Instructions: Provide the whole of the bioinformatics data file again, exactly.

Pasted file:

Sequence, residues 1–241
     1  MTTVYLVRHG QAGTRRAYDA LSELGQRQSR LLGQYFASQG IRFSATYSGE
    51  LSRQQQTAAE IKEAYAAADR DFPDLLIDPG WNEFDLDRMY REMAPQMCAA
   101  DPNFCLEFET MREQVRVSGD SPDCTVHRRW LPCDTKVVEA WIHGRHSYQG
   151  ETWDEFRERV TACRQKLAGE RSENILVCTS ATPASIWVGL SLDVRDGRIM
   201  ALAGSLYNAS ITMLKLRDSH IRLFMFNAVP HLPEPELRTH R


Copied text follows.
Sequence, residues 1–241
     1  MTTVYLVRHG QAGTRRAYDA LSELGQRQSR LLGQYFASQG IRFSATYSGE
    51  LSRQQQTAAE IKEAYAAADR DFPDLLIDPG WNEFDLDRMY REMAPQMCAA
   101  DPNFCLEFET MREQVRVSGD SPDCTVHRRW LPCDTKVVEA WIHGRHSYQG
   151  ETWDEFRERV TACRQKLAGE RSENILVCTS ATPASIWVGL SLDVRDGRIM
   201  ALAGSLYNAS ITMLKLRDSH IRLFMFNAVP HLPEPELRTH R